HealthKey Technologies CITO Saeed Elnaj writes that classic disaster recovery strategy must now evolve beyond IT into an "all hazards" planning process.

We live in a world full of risks, threats, incidents, and disasters. Severe weather events are increasing in frequency and we also face more frequent and disruptive cyberattacks that are impacting gas pipelines and supply chains. We are confronting earthquakes, mass shootings, and a pandemic that is receding but not ending. And now there is the war in Ukraine that is putting pressure on the food and energy supply chains. Adding to the mix is the economic uncertainty due to high inflation not seen in over 40 years. So, how should technology leadership change to be part of a process to confront such risks, threats, and disasters.

Traditional Disaster Recovery Planning

Disaster recovery (DR) was seen as a key function of IT. IT leaders focused on actions to stop disasters from happening – the threats, vulnerabilities, risks, and potential disasters that could impact IT operations and mission critical systems. However, threats and hazards that did not seem to directly impact IT operations were the domain of other risk management teams.

IT practitioners generally focus on DR from an IT perspective, such as how to ensure that IT systems can have a low or zero downtime. We look at Recovery Point Objective (RPO) and Recovery Time Objective (RTO) for each system. We create risk mitigation heatmaps that include a listing of identified risks with occurrence likelihood and what would be the impact if the risk materializes. Then we calculate possible costs and develop methods for mitigating the costs of such risks. Most of what we do as IT leaders has been within our IT department and domain, possibly with some interaction with other organizational units that are responsible for the management of wider set of threats and risks.

We apply methodologies for measuring and managing information risk, such as the Factor Analysis of Information Risk (FAIR) that is covered in the book Measuring and Managing Information Risk, by Fruend and Jones. Their methodology provides a framework for understanding, measuring, and analyzing information risks. It provides techniques for how to do quantitative risk analysis and addresses risk theory, risk calculation, modeling, and how to communicate risk within the organization.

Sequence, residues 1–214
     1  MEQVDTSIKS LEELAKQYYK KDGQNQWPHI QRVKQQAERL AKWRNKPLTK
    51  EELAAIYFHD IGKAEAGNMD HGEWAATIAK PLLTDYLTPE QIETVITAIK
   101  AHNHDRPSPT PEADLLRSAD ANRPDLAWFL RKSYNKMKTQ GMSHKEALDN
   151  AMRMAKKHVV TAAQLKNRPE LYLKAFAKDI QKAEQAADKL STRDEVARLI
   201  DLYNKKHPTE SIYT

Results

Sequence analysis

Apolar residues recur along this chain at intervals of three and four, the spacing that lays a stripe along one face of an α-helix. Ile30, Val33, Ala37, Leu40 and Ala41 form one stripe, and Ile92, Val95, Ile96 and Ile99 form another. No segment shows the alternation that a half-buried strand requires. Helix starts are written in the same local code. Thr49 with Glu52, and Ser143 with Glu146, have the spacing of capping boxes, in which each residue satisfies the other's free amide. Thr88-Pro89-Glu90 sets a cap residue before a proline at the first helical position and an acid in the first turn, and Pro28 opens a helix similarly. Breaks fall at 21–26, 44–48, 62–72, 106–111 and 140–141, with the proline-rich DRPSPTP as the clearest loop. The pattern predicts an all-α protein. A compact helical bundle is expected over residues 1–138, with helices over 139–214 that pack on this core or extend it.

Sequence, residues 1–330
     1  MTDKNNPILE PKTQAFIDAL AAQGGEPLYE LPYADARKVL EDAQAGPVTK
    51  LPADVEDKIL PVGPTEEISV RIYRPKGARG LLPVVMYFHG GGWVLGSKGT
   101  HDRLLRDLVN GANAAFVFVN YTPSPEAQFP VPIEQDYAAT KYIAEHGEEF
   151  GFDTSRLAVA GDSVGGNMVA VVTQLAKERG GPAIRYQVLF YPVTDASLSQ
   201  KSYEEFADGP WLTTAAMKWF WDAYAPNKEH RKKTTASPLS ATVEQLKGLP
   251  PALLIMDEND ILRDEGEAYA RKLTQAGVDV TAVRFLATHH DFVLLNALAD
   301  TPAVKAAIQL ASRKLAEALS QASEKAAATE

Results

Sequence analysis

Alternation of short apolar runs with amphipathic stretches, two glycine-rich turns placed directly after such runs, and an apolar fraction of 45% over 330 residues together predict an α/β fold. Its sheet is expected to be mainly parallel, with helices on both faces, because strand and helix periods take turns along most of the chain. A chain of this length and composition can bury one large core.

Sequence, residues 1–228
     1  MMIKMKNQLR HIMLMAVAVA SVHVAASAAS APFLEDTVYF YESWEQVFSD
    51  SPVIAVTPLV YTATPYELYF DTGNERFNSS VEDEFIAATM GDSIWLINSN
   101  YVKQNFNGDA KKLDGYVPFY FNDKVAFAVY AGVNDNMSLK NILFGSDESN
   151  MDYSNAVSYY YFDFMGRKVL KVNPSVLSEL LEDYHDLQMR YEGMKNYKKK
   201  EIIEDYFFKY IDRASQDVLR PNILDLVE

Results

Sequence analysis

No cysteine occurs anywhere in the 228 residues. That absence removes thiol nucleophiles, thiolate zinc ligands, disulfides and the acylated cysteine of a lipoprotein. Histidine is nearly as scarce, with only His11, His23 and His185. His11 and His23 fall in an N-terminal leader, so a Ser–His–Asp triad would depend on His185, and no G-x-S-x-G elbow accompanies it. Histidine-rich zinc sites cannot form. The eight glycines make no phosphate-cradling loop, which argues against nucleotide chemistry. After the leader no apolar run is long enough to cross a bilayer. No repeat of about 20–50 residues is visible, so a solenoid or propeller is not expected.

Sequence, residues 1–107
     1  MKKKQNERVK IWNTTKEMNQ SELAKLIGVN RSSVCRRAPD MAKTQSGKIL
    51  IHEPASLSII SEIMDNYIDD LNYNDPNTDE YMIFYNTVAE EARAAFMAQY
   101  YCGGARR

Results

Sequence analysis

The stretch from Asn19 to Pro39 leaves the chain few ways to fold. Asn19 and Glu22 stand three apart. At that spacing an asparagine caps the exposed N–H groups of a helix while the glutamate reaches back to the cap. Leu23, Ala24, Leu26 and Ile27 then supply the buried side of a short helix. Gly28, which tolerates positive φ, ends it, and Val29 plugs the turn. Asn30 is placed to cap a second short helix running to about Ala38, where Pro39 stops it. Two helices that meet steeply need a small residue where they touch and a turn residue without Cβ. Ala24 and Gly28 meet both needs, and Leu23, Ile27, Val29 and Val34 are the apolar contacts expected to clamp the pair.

But the pandemic and the more recent man-made and nature-induced disasters are forcing organizations to rethink their approach to risk, threat, and disasters management.

Time for a New Approach

One major lesson we have learned from the COVID-19 pandemic is that a more holistic enterprise-wide risk and disaster management approach is needed, an “all-hazards planning” approach that goes beyond IT and traditional risk and vulnerabilities. Organization need an approach that does not focus on one specific hazard or risk, but on everything and anything, including a methodology for the handling of risks when they actually become incidents, crises, or disasters.

One of the methodologies and tools widely-used for enterprise risk and disaster management that can be applied to the exploration of “all-hazards” planning is the five stages of crises management. This methodology includes two stages that need to be developed prior to incidents or disasters, Protection and Prevention. Post incident, you need to have a process in place to develop the details for the response, recovery, and resiliency stages. These are the Survive, Revive, and Thrive phases.

five stages of crises management

Figure 1: Five stages of crises management


Under the Prevent and Protect stages, we apply the heatmap risk assessment tool to identify, assess, and mitigate the risks and vulnerabilities. But this is where things get complex. Which risks and threats should we account for? Which specific disasters should we plan and budget for? This is where art, science, past experiences, methodologies, literature, and events converge, which can lead to difficult assessments and decisions to make. At the end of the day, it boils down to how much money an organization should invest in the prevention and protection phases, and how much it should set aside for managing incidents or disasters when they strike. None of these questions have easy answers, but luckily there is plenty of guidance available in seminal books on this topic.